The shojin cuisine that Kajitsu specializes in ties back to the 12th-century Japanese Buddhist temples where vegetarian meals were prepared for the monks who lived there. The word shojin (“devotion”) refers to the conviction of the monks in upholding their values. Kaiseki refers to the sublime preparation and presentation of these dishes. Kaiseki, in its modern sense, is the Japanese analog to the French haute cuisine, the apex of Japanese culinary arts, with origins in traditional Japanese tea ceremony, which also hails from Buddhist tradition.

But enough about historical context. That the kaiseki dishes at Kajitsu are vegan is almost beside the point. Through careful, painstaking techniques, much of which happens long before any customers arrive, Odo and his team extract and enrich profound flavors from simple plant-based ingredients. Flavors that equal the well-seasoned stocks and sauces one can far more easily render from meat and bones.

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“I’m not even a vegetarian,” Odo confesses. “I like fried chicken and hamburgers. But what I do at Kajitsu is special because it is all prepared within the limitations and respect of traditional Japanese shojin cuisine. It is those very limitations that motivate me to create dishes that will delight and surprise my customers.”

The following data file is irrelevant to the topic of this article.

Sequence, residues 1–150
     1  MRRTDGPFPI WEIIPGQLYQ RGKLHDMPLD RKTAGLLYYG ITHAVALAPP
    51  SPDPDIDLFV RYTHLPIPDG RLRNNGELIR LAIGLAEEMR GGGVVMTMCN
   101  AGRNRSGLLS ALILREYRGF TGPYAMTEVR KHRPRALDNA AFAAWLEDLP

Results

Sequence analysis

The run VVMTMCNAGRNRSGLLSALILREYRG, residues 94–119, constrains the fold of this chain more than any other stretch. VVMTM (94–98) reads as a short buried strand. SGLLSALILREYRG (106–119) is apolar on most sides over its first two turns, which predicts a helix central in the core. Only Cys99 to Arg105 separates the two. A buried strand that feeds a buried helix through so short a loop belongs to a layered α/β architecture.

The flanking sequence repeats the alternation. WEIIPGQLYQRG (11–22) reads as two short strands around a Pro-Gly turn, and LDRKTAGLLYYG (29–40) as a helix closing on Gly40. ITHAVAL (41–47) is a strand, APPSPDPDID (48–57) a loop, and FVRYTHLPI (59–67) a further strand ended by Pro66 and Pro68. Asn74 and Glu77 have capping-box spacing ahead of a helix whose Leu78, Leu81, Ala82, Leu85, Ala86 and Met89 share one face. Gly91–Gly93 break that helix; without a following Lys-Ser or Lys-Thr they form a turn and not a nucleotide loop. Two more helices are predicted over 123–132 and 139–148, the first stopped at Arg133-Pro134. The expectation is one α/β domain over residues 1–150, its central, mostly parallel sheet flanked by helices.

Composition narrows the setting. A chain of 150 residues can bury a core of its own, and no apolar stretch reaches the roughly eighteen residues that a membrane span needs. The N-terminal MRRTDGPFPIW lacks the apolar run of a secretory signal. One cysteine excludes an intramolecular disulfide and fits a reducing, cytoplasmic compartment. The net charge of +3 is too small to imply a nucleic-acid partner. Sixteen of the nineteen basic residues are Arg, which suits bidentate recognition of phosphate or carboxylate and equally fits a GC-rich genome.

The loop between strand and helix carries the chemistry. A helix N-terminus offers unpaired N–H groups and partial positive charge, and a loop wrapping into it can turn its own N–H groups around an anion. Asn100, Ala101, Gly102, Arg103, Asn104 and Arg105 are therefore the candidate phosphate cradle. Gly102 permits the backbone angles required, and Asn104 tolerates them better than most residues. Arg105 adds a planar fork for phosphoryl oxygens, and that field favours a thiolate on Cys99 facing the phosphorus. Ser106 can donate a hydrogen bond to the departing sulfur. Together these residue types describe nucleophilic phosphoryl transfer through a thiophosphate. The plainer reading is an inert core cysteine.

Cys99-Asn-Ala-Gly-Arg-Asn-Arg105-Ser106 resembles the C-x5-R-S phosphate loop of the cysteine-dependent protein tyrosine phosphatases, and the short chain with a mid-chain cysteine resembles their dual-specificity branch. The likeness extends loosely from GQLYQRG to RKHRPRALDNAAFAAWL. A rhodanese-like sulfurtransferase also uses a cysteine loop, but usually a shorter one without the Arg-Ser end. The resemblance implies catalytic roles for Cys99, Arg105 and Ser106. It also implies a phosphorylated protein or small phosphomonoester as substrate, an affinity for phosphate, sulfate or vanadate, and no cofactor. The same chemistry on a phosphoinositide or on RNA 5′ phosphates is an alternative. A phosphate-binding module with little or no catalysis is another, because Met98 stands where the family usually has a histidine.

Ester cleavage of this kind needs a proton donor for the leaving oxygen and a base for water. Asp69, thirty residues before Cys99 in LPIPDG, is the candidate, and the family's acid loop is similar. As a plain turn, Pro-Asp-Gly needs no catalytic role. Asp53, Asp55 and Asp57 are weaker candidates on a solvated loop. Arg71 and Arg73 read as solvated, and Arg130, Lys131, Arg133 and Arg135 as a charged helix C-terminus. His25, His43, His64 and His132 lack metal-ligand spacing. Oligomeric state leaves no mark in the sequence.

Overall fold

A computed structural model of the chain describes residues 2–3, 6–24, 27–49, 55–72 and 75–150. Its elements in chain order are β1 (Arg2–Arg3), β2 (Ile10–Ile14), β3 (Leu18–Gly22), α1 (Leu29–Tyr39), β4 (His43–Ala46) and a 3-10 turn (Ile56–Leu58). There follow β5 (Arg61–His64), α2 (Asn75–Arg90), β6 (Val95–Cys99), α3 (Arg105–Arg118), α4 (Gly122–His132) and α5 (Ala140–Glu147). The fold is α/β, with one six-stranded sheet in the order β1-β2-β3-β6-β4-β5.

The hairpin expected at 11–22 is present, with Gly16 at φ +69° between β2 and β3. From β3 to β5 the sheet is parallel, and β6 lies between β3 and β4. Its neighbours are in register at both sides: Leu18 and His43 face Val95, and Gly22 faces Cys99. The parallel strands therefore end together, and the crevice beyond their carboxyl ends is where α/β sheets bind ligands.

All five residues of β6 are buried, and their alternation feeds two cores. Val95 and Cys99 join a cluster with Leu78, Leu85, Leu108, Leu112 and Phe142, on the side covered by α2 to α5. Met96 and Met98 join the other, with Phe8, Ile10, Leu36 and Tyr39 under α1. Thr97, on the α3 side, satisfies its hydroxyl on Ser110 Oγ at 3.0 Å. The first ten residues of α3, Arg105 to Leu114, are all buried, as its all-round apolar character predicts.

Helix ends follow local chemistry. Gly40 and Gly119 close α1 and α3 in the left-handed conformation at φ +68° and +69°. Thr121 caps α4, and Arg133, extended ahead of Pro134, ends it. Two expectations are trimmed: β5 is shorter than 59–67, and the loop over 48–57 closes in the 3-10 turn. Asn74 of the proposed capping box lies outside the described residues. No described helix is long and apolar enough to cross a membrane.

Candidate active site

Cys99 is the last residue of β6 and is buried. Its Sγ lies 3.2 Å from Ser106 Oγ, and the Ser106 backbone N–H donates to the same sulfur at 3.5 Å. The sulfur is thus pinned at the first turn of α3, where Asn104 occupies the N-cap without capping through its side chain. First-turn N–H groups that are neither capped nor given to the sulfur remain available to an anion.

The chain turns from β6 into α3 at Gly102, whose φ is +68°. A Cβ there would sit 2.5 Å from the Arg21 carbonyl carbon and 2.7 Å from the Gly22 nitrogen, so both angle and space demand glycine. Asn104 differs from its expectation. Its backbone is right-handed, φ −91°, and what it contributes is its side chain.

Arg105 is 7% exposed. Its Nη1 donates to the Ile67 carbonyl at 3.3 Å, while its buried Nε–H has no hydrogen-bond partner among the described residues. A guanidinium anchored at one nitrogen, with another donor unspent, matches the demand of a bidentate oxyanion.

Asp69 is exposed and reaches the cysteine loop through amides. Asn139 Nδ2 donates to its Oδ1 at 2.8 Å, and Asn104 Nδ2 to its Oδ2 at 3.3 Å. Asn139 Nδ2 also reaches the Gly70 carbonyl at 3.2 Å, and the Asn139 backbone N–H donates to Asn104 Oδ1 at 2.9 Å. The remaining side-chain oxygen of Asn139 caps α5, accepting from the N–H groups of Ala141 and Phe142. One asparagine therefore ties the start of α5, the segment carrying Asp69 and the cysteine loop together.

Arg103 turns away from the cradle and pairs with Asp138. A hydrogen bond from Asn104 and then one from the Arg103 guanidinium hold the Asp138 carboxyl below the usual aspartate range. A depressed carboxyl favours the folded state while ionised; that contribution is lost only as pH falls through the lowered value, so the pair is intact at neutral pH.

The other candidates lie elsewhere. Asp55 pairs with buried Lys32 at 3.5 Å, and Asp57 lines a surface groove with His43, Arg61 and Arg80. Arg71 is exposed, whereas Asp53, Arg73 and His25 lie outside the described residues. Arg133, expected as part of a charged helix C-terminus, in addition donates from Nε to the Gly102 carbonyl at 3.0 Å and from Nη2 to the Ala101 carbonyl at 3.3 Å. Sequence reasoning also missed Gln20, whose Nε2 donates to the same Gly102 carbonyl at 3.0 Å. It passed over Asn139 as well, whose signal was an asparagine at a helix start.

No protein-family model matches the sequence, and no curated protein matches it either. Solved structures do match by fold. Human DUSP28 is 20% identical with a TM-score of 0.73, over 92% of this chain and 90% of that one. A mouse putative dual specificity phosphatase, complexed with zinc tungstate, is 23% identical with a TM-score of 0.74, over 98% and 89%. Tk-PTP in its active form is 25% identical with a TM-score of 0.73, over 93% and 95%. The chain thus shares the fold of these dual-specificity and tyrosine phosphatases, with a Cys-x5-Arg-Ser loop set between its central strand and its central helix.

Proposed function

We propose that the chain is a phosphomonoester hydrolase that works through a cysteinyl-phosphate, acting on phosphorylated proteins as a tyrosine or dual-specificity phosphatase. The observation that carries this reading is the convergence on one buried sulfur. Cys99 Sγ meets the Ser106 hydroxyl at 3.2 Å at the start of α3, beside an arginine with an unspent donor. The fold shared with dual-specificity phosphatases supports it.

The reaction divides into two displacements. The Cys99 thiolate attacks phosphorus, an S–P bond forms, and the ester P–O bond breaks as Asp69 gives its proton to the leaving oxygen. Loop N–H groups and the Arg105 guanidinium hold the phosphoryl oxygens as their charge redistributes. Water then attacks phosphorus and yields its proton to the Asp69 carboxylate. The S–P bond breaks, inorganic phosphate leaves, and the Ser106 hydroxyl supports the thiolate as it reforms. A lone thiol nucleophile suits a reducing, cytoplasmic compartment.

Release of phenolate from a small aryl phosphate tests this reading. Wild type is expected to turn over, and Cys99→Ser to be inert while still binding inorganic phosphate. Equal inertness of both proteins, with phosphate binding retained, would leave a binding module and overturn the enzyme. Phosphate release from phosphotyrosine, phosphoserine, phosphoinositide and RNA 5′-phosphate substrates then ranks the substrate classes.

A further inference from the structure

To do this, Odo draws upon his extensive training as a young cook at restaurants in Kyoto, where kaiseki was developed. Moving to Kyoto after culinary school was for him the equivalent of a student of French cuisine seeking an apprenticeship in Paris. Kyoto would provide an opportunity to work with the very best chefs, albeit in a trying and sometimes harsh environment complete with a strict hierarchical order and a sense of discipline in which Odo thrived.

Odo says he enjoyed the rigorous teamwork, even when the conditions were almost brutal. Sleeping in dormitories with half a dozen workers sharing a room, working long hours, sleeping as little as 2 to 3 hours a night was both physically and mentally demanding. But cooking gave him a creative outlet with near instant gratification.

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“In high school, I had trained to become a carpenter,” says Odo. “But constructing a house or a building takes a long time to complete whereas, with cooking, the results can be enjoyed almost immediately. So, I went to culinary school.”

But like many in his industry, Odo would not find that gratification quite so instantly. “At my first job after school, I did nothing but wash dishes and clean house,” Odo remembers.